On Wednesday this week I was privileged to see a Congressional Student Forum sponsored by the Institute for Civility in Government, which was co-founded by my friends, Rev. Cassandra Dahnke and Rev. Tomas Spath. I had heard about these events and even written about them in the book Cassandra and Tomas and I wrote together, Reclaiming Civility in the Public Square: Ten Rules That Work, but this was my first chance to experience one. It was a blessing. U.S. Representatives John Carter and Henry Cuellar came and answered questions from college students for an hour at the University of Mary Hardin-Baylor. The students were well prepared and asked good questions. Carter and Cuellar responded with thoughtful answers. As one of the students later said, it was apparent they were smart and had thought a lot about their work. While these two men obviously disagreed on a number of issues,they did so with civility and respect. It was good to see that this is still possible in our "Red State - Blue State" society. As I have reflected on this event I have thought about the Psalm that says how good it is when brothers live together in peace. Knowing how to disagree with each other with civility is important. The reality is that the opposite of civility is not incivility, but the chaos and violence that result when we dehumanize our opponents so that attacking or killing them comes to seem rational. In God's eyes we are all equal, and all of us have fallen short of the glory of God. A good reason to maintain civility when we talk with the rest of God's children.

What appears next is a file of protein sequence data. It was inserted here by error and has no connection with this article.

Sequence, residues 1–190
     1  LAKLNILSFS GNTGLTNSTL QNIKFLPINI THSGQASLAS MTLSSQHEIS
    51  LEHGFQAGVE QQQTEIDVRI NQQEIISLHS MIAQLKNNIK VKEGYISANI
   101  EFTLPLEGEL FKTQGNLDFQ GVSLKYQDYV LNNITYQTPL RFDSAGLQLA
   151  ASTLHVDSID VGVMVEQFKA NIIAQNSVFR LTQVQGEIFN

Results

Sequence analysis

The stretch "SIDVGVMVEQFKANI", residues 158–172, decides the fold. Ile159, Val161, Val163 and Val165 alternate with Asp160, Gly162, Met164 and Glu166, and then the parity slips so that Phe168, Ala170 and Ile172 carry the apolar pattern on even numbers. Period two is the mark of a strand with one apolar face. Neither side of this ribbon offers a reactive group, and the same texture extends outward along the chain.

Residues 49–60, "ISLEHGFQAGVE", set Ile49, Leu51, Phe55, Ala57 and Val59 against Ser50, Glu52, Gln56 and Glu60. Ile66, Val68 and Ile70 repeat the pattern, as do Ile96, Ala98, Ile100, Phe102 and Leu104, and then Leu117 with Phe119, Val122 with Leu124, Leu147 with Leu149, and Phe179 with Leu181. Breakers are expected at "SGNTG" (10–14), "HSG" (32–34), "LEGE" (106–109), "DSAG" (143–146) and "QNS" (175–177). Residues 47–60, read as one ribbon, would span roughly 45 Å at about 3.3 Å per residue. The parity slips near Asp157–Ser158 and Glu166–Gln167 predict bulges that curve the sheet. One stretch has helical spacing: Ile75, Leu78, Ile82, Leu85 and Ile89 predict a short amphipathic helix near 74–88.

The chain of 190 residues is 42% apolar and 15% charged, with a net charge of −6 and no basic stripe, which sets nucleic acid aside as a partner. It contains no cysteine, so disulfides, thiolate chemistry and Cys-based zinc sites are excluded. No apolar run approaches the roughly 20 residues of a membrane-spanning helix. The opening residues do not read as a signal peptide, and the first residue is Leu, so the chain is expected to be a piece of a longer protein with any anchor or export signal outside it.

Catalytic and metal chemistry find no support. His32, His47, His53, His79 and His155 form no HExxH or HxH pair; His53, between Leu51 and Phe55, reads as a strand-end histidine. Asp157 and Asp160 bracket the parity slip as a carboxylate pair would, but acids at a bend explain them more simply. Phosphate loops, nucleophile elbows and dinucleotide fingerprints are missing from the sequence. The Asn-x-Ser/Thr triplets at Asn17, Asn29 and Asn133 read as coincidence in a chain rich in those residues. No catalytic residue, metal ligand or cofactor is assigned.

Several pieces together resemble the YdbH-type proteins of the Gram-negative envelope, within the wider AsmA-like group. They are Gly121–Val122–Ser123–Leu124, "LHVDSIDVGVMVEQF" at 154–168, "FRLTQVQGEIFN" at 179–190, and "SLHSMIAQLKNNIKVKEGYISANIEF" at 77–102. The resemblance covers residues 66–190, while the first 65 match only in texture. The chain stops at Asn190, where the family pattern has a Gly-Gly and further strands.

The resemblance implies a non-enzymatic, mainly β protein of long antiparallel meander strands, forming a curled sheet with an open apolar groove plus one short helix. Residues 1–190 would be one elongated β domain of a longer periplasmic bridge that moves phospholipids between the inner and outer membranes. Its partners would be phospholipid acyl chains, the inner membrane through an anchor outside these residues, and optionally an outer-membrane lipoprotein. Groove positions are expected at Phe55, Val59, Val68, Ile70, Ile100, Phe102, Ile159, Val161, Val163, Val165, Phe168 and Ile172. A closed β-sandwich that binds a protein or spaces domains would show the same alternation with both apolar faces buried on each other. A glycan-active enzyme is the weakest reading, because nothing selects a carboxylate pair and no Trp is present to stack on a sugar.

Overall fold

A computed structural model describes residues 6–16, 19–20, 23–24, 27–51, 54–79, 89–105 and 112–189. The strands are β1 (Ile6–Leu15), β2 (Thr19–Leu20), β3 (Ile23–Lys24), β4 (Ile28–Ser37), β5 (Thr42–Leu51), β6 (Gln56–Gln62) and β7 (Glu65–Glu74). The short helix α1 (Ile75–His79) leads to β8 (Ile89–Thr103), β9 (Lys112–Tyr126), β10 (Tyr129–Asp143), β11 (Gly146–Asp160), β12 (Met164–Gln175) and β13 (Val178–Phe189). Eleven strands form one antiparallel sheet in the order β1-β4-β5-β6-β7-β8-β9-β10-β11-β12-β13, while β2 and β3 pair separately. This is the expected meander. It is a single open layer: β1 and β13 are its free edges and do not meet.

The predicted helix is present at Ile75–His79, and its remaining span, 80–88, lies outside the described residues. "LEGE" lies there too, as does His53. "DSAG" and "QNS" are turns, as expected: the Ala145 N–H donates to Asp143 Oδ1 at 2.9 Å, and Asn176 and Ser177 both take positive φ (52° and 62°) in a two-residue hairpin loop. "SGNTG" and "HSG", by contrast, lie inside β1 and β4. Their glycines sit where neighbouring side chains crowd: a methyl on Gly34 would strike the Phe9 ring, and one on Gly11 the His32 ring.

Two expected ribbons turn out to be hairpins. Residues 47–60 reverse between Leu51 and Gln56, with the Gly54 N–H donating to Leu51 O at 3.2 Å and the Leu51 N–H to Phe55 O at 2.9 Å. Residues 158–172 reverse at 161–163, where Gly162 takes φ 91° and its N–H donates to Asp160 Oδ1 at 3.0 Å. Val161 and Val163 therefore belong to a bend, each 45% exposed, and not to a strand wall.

Grace and Peace,